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Acts of kindness: Cancer survivors recall comforting gestures

Let's lift January

Acts of kindness: Cancer survivors recall comforting gestures

Chemotherapy is powerful medicine in the fight against cancer. But patients undergoing treatment can
Acts of kindness: Cancer survivors recall comforting gestures
Karen Bjornland, pictured during a chemo session in 2009, keeps warm under a quilt her friend Caroline made for her, inspired by the story of the Japanese paper cranes.

Editor’s note: Let’s lift January! The holidays are over, but goodwill doesn’t have to end. Reporters Karen Bjornland and Kelly de la Rocha seek expert advice this month on ways to brighten lives through simple acts of kindness. They’ll put what they learn into action and report on their efforts each Saturday in The Gazette.

Chemotherapy is powerful medicine in the fight against cancer. But patients undergoing treatment can feel exhausted, fearful and down in the dumps.

For this week’s story, I emailed my cancer survivor buddies from Caring Together, an ovarian cancer support group that meets in Latham, and Livestrong, a cancer survivors program at the Saratoga Regional YMCA, the following questions:

“What little acts of kindness did you appreciate when you were doing chemo?”

“What tips do you have for friends and family who want to support someone during chemo?”

Here’s what they told me:

From Andrea, a seven-year ovarian cancer survivor:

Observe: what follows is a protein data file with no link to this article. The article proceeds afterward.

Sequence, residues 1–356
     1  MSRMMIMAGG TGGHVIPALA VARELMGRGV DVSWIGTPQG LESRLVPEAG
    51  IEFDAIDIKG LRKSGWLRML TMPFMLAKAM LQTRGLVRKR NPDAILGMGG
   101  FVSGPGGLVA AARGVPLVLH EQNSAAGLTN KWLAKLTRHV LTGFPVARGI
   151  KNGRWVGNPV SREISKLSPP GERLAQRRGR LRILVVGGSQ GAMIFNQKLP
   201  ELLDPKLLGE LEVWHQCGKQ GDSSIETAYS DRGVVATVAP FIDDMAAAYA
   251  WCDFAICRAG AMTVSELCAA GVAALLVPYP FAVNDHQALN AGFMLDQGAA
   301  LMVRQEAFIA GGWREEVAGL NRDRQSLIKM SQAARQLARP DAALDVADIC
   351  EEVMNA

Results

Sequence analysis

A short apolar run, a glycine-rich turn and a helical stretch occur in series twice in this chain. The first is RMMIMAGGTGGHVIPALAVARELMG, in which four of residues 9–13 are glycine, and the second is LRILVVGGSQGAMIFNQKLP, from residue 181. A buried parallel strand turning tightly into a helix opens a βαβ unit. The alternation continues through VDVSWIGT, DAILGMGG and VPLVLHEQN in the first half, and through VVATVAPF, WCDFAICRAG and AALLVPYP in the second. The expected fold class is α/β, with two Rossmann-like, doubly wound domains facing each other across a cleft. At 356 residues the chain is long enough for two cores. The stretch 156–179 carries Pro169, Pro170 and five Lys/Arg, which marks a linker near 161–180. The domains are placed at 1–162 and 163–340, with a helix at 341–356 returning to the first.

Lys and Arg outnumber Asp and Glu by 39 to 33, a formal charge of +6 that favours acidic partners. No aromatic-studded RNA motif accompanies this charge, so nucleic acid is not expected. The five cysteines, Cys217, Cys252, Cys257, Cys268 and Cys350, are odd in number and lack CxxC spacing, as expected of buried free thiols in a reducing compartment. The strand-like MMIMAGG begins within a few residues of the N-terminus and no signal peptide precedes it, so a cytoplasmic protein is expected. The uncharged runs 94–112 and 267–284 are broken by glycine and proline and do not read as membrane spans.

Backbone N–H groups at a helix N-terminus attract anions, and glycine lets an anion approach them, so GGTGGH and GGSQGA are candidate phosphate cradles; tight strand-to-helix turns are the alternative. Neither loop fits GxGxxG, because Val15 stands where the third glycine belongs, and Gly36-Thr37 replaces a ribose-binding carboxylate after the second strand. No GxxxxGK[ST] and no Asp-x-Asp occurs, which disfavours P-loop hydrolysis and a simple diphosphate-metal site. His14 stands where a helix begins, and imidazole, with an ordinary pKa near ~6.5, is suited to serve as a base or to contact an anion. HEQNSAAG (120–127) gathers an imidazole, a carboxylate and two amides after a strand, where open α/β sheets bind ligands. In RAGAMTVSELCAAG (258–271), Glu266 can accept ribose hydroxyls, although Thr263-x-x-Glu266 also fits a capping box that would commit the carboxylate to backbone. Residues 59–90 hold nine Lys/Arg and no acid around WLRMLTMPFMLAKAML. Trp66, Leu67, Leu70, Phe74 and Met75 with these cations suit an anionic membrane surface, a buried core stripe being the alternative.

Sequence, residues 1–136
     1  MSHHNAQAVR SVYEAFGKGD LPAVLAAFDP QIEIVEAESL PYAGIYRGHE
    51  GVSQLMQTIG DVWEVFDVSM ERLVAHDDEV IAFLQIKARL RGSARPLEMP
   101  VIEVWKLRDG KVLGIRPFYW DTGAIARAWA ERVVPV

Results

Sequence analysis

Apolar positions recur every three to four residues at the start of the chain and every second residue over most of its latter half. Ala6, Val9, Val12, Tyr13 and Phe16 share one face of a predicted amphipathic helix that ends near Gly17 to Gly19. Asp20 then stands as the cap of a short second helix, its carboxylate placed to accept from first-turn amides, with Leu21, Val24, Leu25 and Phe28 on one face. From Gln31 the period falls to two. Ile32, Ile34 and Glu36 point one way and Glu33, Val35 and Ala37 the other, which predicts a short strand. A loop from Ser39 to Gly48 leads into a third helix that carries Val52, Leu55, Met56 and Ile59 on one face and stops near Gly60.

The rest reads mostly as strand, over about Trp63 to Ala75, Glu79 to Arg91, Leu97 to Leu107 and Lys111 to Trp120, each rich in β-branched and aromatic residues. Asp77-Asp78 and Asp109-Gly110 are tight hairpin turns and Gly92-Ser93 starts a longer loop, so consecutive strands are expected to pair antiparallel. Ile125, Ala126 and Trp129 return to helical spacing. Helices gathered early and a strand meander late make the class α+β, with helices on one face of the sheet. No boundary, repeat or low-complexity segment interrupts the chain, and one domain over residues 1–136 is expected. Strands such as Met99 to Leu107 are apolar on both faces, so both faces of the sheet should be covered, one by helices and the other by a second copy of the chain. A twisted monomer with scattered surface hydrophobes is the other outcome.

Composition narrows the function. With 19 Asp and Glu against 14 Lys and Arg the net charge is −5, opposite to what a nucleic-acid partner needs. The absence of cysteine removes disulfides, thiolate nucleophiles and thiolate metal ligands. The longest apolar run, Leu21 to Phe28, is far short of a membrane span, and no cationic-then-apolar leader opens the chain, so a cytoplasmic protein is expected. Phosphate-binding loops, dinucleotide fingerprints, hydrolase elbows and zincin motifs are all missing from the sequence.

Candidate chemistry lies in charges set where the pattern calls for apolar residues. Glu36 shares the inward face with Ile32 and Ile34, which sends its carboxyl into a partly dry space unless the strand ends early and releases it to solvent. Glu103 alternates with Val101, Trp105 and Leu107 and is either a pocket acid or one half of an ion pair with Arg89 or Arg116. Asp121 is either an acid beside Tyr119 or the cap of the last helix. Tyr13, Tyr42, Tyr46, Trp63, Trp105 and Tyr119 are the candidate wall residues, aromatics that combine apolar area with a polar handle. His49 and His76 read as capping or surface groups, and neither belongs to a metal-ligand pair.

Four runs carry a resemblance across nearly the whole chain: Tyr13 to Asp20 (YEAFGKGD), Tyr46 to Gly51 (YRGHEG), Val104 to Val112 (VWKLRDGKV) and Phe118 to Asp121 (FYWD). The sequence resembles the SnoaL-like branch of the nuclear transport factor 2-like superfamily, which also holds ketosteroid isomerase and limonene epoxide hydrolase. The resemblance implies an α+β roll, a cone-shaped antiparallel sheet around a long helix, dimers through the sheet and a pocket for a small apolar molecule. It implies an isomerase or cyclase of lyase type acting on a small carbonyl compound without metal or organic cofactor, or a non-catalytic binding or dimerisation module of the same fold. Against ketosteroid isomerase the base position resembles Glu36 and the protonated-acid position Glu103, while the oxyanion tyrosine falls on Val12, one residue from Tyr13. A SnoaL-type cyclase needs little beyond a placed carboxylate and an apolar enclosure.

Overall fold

“Friends and family dropping off a healthy meal, taking my children to the movies or sending me a positive card. ... People need to know it is OK to ask how someone is feeling and ‘What can I do to help you today?’ ”

Share your stories

Have you been the recipient of a surprise act of kindness? Have you done a good deed recently? Let us know about it. Select stories may be published in an upcoming issue of The Gazette.

-- Twitter — use the hashtag #LetsLiftJanuary

-- Facebook — post on The Daily Gazette’s Facebook page

-- Email — [email protected] or [email protected]

-- U.S. mail — Send your stories to Gazette Reporter Kelly de la Rocha at The Daily Gazette, P.O. Box 1090, Schenectady, NY 12301-1090.

From Denise, a five-year ovarian cancer survivor:

“Having someone sit with you was nice, even if I slept a lot. Very comforting.”

From Beth, a three-year ovarian cancer survivor:

“A soft, knitted afghan. Cards, emails and visits brightened dreary days. People who let me know I was beautiful, when I felt anything but.”

From Liz, a survivor of throat and breast cancers:

“Friends and acquaintances knew I was going to treatment in Boston for seven weeks of chemo-radiation. They threw me a surprise send-off party and gave me all sorts of stuff like funny books, magazines, puzzles, lotion. Friends took care of our pets while we were gone, brought food and weeded the garden.”

From Cathy, an eight-month survivor of ovarian cancer:

“One friend even loaned me headscarves before I needed them. I will always remember her kindnesses because the thought and knowledge that the hair is going to go is one of the harder things I had to face.”

Cathy’s tips for friends and family: “Just show up and be there for them. Don’t stay away because you don’t know what to say.”